[Taxacom] Robust argument

Richard Zander Richard.Zander at mobot.org
Tue Jun 30 09:25:29 CDT 2009


There is also fellow traveler information that accompanies the genome.
Think of the environment to which a particular organism is adapted as an
extra chromosome floating outside the genome but affecting major aspects
of the organism's existence. Stabilizing selection not only keeps a
species in relative stasis morphologically for major periods of time,
but also necessarily keeps the environment the same. A host, for
instance, is a kind of environment for a parasite; a pond (through
geological time) is much the same for a water bug. 

Given this partnership of environment and genome, one should not look
only to the genome for all possible information on evolution through
time of a species.

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Richard H. Zander 
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Missouri Botanical Garden
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-----Original Message-----
From: taxacom-bounces at mailman.nhm.ku.edu
[mailto:taxacom-bounces at mailman.nhm.ku.edu] On Behalf Of
Don.Colless at csiro.au
Sent: Tuesday, June 30, 2009 12:00 AM
To: mesibov at southcom.com.au
Cc: taxacom at mailman.nhm.ku.edu
Subject: Re: [Taxacom] Robust argument

Willi Hennig's term "holomorph" could be extended to include genomic
characters; or perhaps we could use "hologenome".

Donald H. Colless
CSIRO Div of Entomology
GPO Box 1700
Canberra 2601
don.colless at csiro.au
tuz li munz est miens envirun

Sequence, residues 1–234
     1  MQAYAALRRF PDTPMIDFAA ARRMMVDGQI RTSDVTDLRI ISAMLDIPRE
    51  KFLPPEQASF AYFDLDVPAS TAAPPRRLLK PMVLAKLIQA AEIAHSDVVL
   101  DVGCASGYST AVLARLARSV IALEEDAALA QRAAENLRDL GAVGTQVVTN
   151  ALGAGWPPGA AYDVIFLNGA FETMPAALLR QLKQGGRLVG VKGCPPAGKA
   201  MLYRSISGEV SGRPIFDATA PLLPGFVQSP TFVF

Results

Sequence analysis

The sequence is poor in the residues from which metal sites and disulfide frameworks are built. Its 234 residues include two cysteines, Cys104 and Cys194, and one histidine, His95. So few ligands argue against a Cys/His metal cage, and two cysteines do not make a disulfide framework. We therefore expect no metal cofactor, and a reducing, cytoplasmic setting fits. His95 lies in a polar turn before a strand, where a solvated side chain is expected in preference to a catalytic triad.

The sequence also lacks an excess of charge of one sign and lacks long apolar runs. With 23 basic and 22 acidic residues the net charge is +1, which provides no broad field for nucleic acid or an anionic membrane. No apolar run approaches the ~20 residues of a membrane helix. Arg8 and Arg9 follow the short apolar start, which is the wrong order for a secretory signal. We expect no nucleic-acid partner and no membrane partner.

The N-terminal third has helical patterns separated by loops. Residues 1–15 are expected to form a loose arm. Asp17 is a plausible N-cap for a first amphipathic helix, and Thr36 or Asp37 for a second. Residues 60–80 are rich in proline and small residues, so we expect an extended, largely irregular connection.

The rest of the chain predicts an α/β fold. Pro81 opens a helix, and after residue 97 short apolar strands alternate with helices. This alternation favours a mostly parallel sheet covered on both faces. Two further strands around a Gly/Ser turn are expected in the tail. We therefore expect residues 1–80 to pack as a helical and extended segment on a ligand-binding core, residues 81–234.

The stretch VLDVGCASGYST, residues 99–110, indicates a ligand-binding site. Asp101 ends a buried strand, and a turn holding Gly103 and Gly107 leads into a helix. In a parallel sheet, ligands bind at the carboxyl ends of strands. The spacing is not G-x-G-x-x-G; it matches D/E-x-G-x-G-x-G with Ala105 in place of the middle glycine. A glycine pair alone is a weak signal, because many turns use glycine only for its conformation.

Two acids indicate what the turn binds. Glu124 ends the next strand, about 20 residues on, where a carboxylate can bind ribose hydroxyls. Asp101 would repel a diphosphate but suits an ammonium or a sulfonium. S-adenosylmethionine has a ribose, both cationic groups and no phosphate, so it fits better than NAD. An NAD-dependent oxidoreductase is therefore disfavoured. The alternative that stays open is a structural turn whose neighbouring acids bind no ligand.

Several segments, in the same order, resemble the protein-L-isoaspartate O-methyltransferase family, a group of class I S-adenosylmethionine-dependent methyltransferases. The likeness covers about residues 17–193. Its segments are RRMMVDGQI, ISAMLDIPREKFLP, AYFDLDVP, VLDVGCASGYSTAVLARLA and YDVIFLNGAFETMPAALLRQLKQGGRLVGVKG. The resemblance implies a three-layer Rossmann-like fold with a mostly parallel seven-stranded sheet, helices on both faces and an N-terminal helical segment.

________________________________________
From: taxacom-bounces at mailman.nhm.ku.edu
[taxacom-bounces at mailman.nhm.ku.edu] On Behalf Of Bob Mesibov
[mesibov at southcom.com.au]
Sent: 28 June 2009 15:25
To: michael.heads at yahoo.com
Cc: taxacom at mailman.nhm.ku.edu
Subject: Re: [Taxacom] Robust argument

I couldn't agree more that the word 'genome' needs relaxing so that it
isn't restricted to genes and gene inheritance, or alternatively that we
use a word with a broader meaning, so that inheritance isn't restricted
to genetic inheritance. There probably is such a word in the biological
literature already. Anyone know it?

IMHO this is what Richard Pyle and others have done on TAXACOM a number
of times, i.e. argued that genes are the only things passed down the
evolutionary tree, therefore everything we can infer about organismal
history is somehow inherent in the genome, and if we could only read the
genome properly we'd have the whole evolutionary story.

All three clauses are untrue. This kind of reasoning had a chemical
analogy in the 19th and early 20th century: organisms are only made of
atoms and molecules, there's no vital force; therefore everything we can
infer about how organisms work is inherent in atoms and molecules, and
if we could only completely understand the chemistry we'd have the whole
organismal story. Anyone still think that way?

Genes are not the only things passed down the evolutionary tree. Michael
Heads and I have mentioned location. You can look as deep as you like
into the genome, but you won't find the 'endemicity address' that
locates a plant species on top of some mountain on Madagascar. That
address is inherited. It's passed on to the next generation of seedlings
by the current generation of seeding plants. Fuzziness in location as an
inherited character is equivalent to variation in any gene-inherited
character.

There are other non-genetic ways in which evolution is directed. Many
are contained with the word 'co-evolution' - of parasites and their
hosts, and of other tightly associated taxa. Think of a beetle which
feeds on a particular plant, concentrates a particular metabolite from
that plant, stores it in a special structure, then uses the material to
defend its eggs against egg predators. You can find genetic traces of
this separately in the beetle genome, the host plant genome and the
predator genome. You think you can reconstruct this bit of evolutionary
history from those genetic traces?




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